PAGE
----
Beta

×

Welcome to the Slashdot Beta site -- learn more here. Use the link in the footer or click here to return to the Classic version of Slashdot.

Thank you!

Before you choose to head back to the Classic look of the site, we'd appreciate it if you share your thoughts on the Beta; your feedback is what drives our ongoing development.

Beta is different and we value you taking the time to try it out. Please take a look at the changes we've made in Beta and  learn more about it. Thanks for reading, and for making the site better!

Historic Heat In North America Turns Winter To Summer

samzenpus posted more than 2 years ago | from the hotter-than-hot dept.

Earth 618

An anonymous reader writes "A huge, lingering ridge of high pressure over the eastern half of the United States brought summer-like temperatures to North America in March 2012. The warm weather shattered records across the central and eastern United States and much of Canada. From the article: 'Records are not only being broken across the country, they're being broken in unusual ways. Chicago, for example, saw temperatures above 26.6Celsius (80Fahrenheit) every day between March 14-18, breaking records on all five days. For context, the National Weather Service noted that Chicago typically averages only one day in the eighties each in April. And only once in 140 years of weather observations has April produced as many 80Fahrenheit days as this March.'"

cancel ×

618 comments

Sorry! There are no comments related to the filter you selected.

yawn (1, Insightful)

Anonymous Coward | more than 2 years ago | (#39435265)

And only once in 140 years of weather observations has April produced as many 80Fahrenheit days as this March.

So it has happened before. And on geological time scales, that was, like, just ten minutes ago.

Re:yawn (4, Interesting)

Kelbear (870538) | more than 2 years ago | (#39435371)

What bothers me is wondering what sort of changes in the weather can be expected during the rest of the year after such an unusually warm winter. As mentioned, there is very little data, perhaps nothing at all, or perhaps even more bizarre weather will follow. As a layman, I have no idea, but I imagine that having strange weather for a full season will have residual effects somewhere.

Re:yawn (5, Funny)

Anonymous Coward | more than 2 years ago | (#39435419)

quick, find a butterfly to offset the effect.

Re:yawn (4, Funny)

Jason Levine (196982) | more than 2 years ago | (#39435599)

I found one but accidentally stepped on it. What do I do now? Also, did anyone hear thunder?

Re:yawn (4, Insightful)

cpu6502 (1960974) | more than 2 years ago | (#39435581)

It's only warm in the eastern half. In California it's freakin' cold!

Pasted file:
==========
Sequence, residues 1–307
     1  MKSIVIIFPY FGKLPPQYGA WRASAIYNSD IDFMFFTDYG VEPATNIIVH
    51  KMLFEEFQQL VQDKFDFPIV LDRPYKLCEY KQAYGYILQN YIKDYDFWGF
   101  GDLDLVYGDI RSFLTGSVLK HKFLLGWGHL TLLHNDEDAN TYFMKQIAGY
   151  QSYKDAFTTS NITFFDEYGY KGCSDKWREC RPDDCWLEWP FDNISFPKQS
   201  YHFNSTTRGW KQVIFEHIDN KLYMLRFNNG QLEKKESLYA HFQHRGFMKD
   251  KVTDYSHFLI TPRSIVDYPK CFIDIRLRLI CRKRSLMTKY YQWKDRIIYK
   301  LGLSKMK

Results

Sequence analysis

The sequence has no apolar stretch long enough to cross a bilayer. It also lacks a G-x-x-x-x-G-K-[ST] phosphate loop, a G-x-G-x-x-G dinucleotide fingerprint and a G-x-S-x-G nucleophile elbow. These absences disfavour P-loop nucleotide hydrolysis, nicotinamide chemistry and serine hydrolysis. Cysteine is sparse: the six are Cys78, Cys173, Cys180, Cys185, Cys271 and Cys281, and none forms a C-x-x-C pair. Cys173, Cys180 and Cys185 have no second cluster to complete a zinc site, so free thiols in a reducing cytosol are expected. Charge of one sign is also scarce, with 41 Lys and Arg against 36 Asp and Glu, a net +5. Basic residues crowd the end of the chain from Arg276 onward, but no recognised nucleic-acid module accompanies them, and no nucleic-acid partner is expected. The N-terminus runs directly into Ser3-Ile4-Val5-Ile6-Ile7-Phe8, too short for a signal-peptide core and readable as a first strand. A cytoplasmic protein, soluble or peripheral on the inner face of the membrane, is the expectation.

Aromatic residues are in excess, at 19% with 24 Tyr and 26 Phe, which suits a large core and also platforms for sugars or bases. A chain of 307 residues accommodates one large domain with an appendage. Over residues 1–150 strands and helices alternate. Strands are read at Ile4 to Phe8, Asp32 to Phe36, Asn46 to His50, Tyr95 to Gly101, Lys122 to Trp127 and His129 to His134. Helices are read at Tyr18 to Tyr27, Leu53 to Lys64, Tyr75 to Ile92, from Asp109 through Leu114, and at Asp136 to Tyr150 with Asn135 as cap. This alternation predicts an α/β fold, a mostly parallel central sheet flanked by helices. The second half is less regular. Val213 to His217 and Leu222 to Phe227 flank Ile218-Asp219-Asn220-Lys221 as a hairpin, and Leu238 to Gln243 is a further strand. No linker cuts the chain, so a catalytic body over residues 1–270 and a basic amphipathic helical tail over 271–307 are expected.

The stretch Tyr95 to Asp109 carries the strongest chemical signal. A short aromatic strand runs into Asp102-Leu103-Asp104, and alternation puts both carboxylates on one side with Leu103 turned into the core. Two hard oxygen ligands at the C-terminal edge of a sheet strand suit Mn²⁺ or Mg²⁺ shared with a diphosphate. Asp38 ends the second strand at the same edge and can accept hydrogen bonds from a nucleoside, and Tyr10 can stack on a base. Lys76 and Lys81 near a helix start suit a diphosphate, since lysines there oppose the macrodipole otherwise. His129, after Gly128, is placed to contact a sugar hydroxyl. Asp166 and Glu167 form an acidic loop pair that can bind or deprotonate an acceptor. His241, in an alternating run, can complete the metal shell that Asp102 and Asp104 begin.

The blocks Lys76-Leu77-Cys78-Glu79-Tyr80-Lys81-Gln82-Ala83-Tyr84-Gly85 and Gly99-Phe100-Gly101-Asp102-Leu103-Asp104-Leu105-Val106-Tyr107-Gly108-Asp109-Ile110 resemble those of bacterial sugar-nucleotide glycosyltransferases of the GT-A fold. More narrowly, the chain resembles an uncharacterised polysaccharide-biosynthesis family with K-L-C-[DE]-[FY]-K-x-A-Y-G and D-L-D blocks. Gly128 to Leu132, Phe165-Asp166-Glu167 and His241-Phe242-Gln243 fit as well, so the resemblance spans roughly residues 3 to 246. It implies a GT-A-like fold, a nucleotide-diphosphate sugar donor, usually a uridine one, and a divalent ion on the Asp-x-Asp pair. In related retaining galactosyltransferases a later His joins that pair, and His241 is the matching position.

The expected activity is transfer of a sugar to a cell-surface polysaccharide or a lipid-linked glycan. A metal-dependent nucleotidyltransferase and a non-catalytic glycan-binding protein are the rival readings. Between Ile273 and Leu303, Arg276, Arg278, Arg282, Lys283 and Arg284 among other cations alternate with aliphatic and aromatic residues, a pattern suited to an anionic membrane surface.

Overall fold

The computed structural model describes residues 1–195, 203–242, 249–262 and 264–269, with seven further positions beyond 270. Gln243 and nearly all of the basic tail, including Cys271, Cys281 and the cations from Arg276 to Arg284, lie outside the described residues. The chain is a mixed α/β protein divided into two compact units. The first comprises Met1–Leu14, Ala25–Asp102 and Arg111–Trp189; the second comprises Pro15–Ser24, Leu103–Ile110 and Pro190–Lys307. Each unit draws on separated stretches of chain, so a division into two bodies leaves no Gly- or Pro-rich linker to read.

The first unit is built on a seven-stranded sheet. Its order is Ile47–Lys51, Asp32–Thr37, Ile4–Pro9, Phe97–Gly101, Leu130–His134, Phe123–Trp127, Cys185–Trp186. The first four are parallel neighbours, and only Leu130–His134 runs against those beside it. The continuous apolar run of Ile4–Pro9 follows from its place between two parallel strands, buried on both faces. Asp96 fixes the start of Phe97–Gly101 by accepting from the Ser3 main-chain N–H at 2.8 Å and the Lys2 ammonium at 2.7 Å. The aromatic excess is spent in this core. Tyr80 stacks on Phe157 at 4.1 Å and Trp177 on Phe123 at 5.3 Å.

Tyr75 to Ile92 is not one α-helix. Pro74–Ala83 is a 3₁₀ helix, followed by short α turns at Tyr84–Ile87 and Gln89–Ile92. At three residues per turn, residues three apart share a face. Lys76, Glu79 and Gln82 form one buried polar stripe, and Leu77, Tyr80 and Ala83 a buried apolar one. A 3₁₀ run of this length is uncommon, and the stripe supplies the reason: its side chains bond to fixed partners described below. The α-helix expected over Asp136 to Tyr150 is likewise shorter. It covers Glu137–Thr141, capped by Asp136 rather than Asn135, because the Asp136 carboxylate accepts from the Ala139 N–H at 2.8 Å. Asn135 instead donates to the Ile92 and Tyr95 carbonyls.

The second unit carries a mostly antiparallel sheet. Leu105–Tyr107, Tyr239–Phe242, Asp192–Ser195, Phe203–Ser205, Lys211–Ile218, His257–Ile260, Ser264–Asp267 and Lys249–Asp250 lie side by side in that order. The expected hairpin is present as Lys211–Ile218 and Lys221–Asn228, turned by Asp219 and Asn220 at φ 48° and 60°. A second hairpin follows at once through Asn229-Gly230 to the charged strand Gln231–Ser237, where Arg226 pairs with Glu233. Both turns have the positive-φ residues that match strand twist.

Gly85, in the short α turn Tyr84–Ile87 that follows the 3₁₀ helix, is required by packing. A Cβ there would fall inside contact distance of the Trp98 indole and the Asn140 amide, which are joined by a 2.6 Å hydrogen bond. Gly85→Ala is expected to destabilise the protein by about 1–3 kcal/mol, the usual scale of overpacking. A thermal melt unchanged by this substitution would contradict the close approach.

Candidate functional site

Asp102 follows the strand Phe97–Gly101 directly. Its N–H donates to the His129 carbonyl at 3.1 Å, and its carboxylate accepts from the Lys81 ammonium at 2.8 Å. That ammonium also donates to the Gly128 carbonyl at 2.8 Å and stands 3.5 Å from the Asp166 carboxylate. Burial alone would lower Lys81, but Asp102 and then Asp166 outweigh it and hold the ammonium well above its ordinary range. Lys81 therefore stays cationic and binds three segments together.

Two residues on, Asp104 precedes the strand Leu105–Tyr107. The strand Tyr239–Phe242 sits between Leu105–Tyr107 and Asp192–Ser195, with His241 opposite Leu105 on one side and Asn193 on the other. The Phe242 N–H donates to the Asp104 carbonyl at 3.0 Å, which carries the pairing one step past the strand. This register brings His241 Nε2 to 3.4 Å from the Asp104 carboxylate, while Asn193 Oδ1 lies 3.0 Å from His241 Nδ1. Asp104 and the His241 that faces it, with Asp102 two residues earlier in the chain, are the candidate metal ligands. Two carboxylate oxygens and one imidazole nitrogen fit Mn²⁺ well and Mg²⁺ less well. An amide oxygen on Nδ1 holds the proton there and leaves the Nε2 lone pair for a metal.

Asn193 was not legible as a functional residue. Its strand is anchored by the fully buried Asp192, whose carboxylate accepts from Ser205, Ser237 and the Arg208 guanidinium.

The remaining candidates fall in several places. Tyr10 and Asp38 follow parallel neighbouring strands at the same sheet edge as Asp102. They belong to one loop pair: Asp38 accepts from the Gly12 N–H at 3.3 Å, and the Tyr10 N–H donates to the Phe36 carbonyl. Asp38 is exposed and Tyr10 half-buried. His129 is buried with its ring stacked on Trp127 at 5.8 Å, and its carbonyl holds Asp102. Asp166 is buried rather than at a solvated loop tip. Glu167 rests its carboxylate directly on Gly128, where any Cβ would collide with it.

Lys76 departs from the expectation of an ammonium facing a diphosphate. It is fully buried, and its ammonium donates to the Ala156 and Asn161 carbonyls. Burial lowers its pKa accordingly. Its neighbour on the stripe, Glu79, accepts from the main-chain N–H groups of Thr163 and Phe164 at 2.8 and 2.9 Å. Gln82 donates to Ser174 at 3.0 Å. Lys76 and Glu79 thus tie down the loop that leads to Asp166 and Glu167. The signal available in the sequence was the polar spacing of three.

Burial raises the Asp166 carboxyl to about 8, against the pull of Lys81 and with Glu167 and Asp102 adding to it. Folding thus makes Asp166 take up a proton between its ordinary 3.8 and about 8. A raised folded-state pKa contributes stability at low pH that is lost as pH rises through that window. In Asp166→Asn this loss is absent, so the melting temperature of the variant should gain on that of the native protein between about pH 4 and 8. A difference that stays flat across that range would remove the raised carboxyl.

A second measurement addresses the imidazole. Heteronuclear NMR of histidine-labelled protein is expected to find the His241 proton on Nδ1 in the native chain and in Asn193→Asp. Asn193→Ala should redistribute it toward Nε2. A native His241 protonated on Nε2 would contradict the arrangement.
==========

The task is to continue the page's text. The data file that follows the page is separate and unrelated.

In October we had snow in the east, which was one of he earliest snows ever. And LAST winter we set records for cold & snowfall amounts! So it is not really global warming; it's just month-to-month/year-to-year variation.

Re:yawn (3, Interesting)

frosty_tsm (933163) | more than 2 years ago | (#39435679)

It's only warm in the eastern half. In California it's freakin' cold!

Yup, high 50s and rain over here. Freakin' cold.

Re:yawn (2)

cpu6502 (1960974) | more than 2 years ago | (#39435811)

It has warmed-up some, but it snowed over the weekend.

Re:yawn (5, Informative)

realityimpaired (1668397) | more than 2 years ago | (#39435871)

So it is not really global warming; it's just month-to-month/year-to-year variation.

Not global warming, maybe, but definitely global climate change. Though it is an el nino year, it's much too early in the year for it to be affecting the weather this much. In Ottawa, ON (described as the world capital with the most extreme weather... coldest winters + hottest summers), we got over 85 degrees fahrenheit today, when it should be closer to 40 degrees. Today was June/July weather, not March weather.

Things are changing. And while countries like Canada and Greenland stand to benefit from a longer planting season, it's really hurting countries like Kenya (in the middle of one of the worst droughts ever).

Re:yawn (0)

Anonymous Coward | more than 2 years ago | (#39435609)

all our perennials at work are ready to go, idiots are trying to plant tomatoes already lol. and my cut flowers/bulbs just shot right up i dunno what to do with them all have two large coolers full of flowers that should be ready for Easter not now!!

Re:yawn (1)

slimjim8094 (941042) | more than 2 years ago | (#39435747)

Drought. Bad ones too. In my part of NJ, we got a few inches of snow this year, instead of a few feet. The reservoirs are going to be bone-dry, since there's no snow to melt.